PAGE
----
War on Terrorism

Tuesday, October 20, 2015

Aviano maintainers exceed standards on downrange F-16 inspections



By Tech. Sgt. Joseph Swafford, 455th Air Expeditionary Wing Public Affairs / Published October 20, 2015

BAGRAM AIRFIELD, Afghanistan (AFNS) -- Airmen deployed from Aviano Air Base, Italy, and assigned to the 455th Expeditionary Maintenance Squadron recently completed their 32nd F-16 Fighting Falcon phase inspection, ensuring the aircraft can complete the combat airpower mission here.

Phase inspections are in-depth and accomplished upon accrual of a specific number of flying hours -- in the F-16’s case, every 400 hours.

“It’s basically scheduled downtime for the aircraft to be inspected more than the normal day-to-day operations would allow,” said Master Sgt. Aaron Lerding, a 455th EMXS maintenance flight chief. “There are 635 inspections items that are inspected with every Viper (F-16) phase. Just in the same way that you must change your oil on your car every 3,000 miles and timing belt at scheduled intervals, the phase process is a scheduled inspection that allows us to ensure safe, reliable airpower every 400 flight hours.”

Having the capability to complete phase inspections in a deployed environment helps the wing complete its air tasking order.

“Phase is the power house that sustains the ATO,” said Maj. Megan Murtishaw, the 455th EMXS commander. “Fighter aircraft have hourly scheduled inspections and by having a phase dock deployed with the unit, it allows for increased aircraft availability which ultimately gives us more combat capability.”

Having the capability here is nice but it doesn’t come without its deployed challenges.

“Here we have five days to complete the 400-hour phase, whereas back at home station we have nine days,” said Senior Airman Kristina Manning, a 455th EMXS maintenance specialist. “We still have to complete everything we do back home, just in a lot less time. Even though we have to get everything done quicker it has to be done thoroughly, the jets here are not just going out on a training mission but for combat missions.”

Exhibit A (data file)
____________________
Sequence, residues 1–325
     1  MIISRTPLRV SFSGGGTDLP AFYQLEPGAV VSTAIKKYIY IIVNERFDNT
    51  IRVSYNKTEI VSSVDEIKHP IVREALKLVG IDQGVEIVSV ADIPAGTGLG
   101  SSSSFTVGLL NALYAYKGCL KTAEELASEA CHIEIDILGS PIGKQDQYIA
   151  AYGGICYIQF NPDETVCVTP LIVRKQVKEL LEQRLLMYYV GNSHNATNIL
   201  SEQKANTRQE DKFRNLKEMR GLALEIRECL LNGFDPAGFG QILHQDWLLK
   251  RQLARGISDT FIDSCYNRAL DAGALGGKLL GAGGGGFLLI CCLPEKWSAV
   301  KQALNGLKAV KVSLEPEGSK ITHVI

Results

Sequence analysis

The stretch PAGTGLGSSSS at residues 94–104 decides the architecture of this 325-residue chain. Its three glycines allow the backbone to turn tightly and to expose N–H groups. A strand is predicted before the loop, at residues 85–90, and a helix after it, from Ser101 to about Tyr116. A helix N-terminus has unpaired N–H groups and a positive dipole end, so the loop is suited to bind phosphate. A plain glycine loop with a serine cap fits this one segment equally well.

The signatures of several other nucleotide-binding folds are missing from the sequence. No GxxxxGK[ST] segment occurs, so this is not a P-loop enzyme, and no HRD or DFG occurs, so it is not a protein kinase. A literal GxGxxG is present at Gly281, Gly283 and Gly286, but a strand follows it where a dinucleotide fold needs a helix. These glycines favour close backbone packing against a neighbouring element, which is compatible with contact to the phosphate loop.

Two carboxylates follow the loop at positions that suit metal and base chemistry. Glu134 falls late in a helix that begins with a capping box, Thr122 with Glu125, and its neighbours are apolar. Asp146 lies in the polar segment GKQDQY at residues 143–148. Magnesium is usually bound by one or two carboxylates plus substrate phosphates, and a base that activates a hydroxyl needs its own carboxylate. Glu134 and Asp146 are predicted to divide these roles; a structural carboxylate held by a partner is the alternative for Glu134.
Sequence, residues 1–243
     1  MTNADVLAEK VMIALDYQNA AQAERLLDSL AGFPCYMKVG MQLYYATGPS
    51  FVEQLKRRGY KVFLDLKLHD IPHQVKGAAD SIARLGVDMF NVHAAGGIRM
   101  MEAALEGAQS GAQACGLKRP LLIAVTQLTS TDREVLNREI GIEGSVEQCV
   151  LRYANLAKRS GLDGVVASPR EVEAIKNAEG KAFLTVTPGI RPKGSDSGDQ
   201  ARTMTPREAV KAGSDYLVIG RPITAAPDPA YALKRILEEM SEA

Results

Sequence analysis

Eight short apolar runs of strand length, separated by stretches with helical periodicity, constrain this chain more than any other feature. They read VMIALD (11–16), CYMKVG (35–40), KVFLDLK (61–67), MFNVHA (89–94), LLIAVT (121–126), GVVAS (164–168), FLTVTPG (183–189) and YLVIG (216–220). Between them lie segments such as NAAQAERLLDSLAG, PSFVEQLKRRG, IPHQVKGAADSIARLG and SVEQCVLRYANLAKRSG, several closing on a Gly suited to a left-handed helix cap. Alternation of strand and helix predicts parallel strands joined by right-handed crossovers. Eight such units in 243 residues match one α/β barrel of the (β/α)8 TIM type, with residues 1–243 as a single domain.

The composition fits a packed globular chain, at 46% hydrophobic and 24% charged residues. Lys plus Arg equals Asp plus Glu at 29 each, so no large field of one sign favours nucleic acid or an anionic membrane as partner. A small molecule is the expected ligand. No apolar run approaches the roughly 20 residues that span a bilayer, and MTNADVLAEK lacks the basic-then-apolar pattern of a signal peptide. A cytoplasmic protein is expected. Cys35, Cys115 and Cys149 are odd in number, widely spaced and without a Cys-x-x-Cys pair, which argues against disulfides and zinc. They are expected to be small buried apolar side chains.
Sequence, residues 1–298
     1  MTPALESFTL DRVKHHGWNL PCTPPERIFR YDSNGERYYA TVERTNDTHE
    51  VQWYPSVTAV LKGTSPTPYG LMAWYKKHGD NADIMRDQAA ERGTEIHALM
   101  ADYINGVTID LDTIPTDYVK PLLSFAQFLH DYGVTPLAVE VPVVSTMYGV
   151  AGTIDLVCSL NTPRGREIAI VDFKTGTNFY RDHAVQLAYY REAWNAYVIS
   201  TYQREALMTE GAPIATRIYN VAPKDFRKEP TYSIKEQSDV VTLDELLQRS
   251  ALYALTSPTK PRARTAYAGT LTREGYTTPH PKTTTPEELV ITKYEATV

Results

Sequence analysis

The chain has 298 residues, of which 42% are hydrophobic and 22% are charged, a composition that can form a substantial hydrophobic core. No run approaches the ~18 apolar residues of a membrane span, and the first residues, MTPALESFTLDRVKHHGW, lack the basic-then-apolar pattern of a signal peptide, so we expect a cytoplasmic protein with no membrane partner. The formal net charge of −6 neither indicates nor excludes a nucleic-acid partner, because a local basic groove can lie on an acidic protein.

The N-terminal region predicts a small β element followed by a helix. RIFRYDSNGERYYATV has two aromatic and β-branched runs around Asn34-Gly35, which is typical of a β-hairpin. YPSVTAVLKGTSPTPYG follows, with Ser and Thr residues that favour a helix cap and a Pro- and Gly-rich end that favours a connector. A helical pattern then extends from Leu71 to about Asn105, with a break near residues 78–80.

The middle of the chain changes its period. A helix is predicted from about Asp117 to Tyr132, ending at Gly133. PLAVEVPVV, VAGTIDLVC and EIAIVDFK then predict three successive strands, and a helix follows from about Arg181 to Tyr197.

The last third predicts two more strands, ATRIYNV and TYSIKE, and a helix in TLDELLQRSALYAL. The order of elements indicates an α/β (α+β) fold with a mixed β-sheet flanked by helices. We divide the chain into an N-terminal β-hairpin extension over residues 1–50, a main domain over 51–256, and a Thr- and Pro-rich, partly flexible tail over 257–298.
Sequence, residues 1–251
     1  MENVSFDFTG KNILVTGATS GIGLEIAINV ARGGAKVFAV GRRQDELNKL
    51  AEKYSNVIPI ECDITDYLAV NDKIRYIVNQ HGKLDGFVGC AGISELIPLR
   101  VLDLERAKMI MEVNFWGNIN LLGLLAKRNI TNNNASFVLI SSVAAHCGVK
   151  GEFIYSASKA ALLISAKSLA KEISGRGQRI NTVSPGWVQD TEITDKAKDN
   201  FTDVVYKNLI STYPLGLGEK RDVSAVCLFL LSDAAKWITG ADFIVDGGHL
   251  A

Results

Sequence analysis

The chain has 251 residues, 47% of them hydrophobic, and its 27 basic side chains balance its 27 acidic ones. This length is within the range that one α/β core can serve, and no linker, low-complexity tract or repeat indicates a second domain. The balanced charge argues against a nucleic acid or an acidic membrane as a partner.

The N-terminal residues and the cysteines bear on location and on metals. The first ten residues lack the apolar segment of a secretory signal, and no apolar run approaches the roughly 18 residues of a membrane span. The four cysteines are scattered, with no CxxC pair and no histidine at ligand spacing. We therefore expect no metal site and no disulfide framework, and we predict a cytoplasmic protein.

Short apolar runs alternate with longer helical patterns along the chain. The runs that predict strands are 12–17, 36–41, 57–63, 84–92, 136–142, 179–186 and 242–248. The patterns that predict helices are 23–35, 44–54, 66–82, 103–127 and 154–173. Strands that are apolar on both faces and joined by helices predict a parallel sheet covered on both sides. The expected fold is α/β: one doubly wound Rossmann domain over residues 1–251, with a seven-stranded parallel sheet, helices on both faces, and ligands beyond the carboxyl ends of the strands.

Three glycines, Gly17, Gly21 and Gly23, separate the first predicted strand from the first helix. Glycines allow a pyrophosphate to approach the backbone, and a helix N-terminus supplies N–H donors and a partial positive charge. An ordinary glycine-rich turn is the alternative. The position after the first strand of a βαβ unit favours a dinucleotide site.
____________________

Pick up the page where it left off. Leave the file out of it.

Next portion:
The phase team, which also makes up the Crash, Disabled and Damaged Aircraft Recovery team, had to respond to all in-flight and ground emergencies, Lerding said.

“Often times they would have to drop their tools while working or stop operational checkouts to respond,” he said. “Additionally, we also built all F-16 wheel and tire assemblies totaling over 310, which is 300 times the normal rate.”

Despite these challenges, the team was still able to complete the 32 phase inspections, which were 33 percent more than the previous two rotations with the same amount of manning.

“They’re exceptional maintainers who also looked for ways to make things better,” Murtishaw said. “They changed the flow of the maintenance completed during phases to help meet the required timeline. They also implemented a new process where everything is digital during the phase, saving hours on the back end to review forms.”

Seeing the jets have an impact on the mission here was a rewarding experience for the phase inspection maintainers.

“It’s great to see the jets that we have completed phase on come back after dropping bombs without having any issues,” Manning said. “It’s amazing to know that we contributed to the jet having 400 more hours of flight time to complete the mission.”

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